“Distancing herself”: Ivanka gets “special exemption” from court-ordered monitor overseeing Trumps

Trump's daughter is the only person to seek and receive a carve-out in NY AG fraud lawsuit

By Areeba Shah

Staff Writer

Published December 7, 2022 12:44PM (EST)

Ivanka Trump and Jared Kushner (Getty Images/James Devaney/GC Images)
Ivanka Trump and Jared Kushner (Getty Images/James Devaney/GC Images)

Ivanka Trump has wriggled her way out of a court order appointing a special monitor to oversee the finances of the Trump Organization and individuals connected to the company, according to The Daily Beast.

The agreement allows Ivanka Trump to keep her own business interests away from the gaze of a retired federal judge who is tasked with keeping an eye on the Trump Organization's transactions to ensure it doesn't commit any more alleged fraud. 

The company was barred from transferring or disposing of material without giving advance notice to the court and New York Attorney General Letitia James' office after James sounded the alarm over a Trump scheme to form a "Trump Organization II" after she filed a $250 million fraud lawsuit against the Trump family and company.

A jury in Manhattan on Tuesday found two entities controlled by former President Donald Trump guilty of 17 counts of criminal tax fraud and falsifying business records. The Trump Corp. and Trump Payroll Corp. were found guilty of all charges brought by Manhattan District Attorney Alvin Bragg. 

James in the August lawsuit alleged that Trump and his three eldest children were involved in a decade-long fraud scheme. She is seeking to permanently bar them from serving as an officer or director of a company in New York state.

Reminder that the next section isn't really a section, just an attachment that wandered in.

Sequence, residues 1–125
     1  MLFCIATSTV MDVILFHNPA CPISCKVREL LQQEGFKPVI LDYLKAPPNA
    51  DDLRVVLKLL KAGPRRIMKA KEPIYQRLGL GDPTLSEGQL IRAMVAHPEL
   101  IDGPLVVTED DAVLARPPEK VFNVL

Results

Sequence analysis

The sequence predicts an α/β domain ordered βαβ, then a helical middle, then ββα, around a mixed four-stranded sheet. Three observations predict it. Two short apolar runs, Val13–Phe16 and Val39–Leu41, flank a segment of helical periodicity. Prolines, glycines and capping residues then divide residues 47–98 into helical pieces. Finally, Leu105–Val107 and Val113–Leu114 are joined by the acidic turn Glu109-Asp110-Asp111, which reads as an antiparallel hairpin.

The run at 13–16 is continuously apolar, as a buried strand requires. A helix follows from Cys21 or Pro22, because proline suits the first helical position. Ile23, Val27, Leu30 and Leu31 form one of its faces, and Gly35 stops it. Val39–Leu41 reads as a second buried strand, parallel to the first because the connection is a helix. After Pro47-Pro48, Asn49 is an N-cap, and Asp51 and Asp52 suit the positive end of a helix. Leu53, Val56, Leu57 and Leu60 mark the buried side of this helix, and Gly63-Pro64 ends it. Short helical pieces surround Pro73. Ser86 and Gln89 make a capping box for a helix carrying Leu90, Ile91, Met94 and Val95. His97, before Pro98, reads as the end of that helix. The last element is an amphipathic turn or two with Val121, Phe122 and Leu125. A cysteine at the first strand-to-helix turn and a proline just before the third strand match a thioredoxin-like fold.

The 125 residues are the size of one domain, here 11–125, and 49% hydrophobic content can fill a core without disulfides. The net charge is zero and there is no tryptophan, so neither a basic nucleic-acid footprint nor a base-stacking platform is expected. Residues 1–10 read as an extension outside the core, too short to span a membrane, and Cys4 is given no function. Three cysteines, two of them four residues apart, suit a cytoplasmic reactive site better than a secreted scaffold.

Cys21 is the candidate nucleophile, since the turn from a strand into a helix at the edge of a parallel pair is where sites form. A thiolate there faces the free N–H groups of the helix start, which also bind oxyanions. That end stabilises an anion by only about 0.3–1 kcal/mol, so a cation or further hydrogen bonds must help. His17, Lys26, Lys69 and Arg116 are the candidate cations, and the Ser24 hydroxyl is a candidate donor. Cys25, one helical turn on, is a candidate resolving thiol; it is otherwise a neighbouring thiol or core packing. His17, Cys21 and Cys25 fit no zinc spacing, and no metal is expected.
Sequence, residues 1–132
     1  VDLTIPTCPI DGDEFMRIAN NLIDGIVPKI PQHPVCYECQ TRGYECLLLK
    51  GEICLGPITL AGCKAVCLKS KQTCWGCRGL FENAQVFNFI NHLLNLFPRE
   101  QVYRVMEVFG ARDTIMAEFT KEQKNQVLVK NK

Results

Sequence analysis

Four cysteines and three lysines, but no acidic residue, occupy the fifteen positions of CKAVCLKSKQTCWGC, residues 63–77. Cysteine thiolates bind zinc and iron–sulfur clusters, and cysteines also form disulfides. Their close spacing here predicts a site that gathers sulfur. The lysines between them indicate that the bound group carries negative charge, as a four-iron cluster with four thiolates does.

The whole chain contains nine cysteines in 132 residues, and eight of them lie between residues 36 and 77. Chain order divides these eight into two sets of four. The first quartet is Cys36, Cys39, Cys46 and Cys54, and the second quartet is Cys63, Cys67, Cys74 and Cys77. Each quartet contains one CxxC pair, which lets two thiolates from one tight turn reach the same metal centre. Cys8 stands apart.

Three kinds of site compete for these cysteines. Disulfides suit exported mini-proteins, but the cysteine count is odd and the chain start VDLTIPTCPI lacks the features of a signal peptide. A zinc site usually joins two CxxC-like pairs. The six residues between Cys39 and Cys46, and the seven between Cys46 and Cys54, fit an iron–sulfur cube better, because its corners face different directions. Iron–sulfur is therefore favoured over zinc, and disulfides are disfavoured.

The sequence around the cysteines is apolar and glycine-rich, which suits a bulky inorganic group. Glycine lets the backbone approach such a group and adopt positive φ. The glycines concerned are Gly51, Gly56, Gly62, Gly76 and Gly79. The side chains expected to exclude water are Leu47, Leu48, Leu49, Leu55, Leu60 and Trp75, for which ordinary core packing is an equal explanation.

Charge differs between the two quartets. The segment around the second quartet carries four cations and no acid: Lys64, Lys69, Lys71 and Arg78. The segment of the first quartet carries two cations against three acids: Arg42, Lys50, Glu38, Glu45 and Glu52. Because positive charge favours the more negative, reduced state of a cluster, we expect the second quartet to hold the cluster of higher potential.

Justice Arthur Engoron placed the company under court supervision to scrutinize major transactions and ensure the Trump Organization would not shift assets to stash cash away from law enforcement.

In the midst of this, Ivanka Trump's lawyers wrote to the judge last month requesting a special exemption, arguing that she hasn't held an official role at the Trump Organization since serving as a White House aide during her father's presidential administration, The Daily Beast's Jose Pagliery reported.

Her lawyers made similar arguments in the state's appellate court, a source told the outlet. She even went as far as retaining her own lawyers and filing an appeal that was separate from the rest of the family.

​​"Ms. Trump has had no involvement for more than five years… Ms. Trump has had no role as an officer, director, or employee of the Trump Organization or any of its affiliates since at least January 2017," her lawyers said in an appeal filed Nov. 7.

But the eldest daughter of the former president was "a key player in many of the transactions" under investigation, especially because of her involvement in cutting deals that relied on falsified documents, according to court papers in the Attorney General's office.

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NY AG lawyers also found that she is "responsible for securing loan terms" from Deutsche Bank relying on fake property valuations for the company's golf course in Doral, Florida. Investigators also claim she "played similar roles" in obtaining money for the company's projects in Chicago and Washington, D.C.

Pagliery tweeted on Wednesday that the latest filings show that Ivanka Trump "keeps distancing herself from her father's legacy of shame."

Ivanka Trump started distancing herself from her father's legacy soon after he incited violence at the Capitol and attempted to overthrow the 2020 presidential election.  

She later testified before the House Jan. 6 Committee and said she "accepted" Attorney General Bill Barr's "perspective about the election" not being fraudulent. 

More recently, she has kept a low profile, refusing to show up to her father's announcement of his 2024 presidential campaign. She has stated that she does not intend to reenter political life.

By Areeba Shah

Areeba Shah is a staff writer at Salon covering news and politics. Previously, she was a research associate at Citizens for Responsibility and Ethics in Washington and a reporting fellow for the Pulitzer Center, where she covered how COVID-19 impacted migrant farmworkers in the Midwest.

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Aggregate Donald Trump Ivanka Trump Letitia James Politics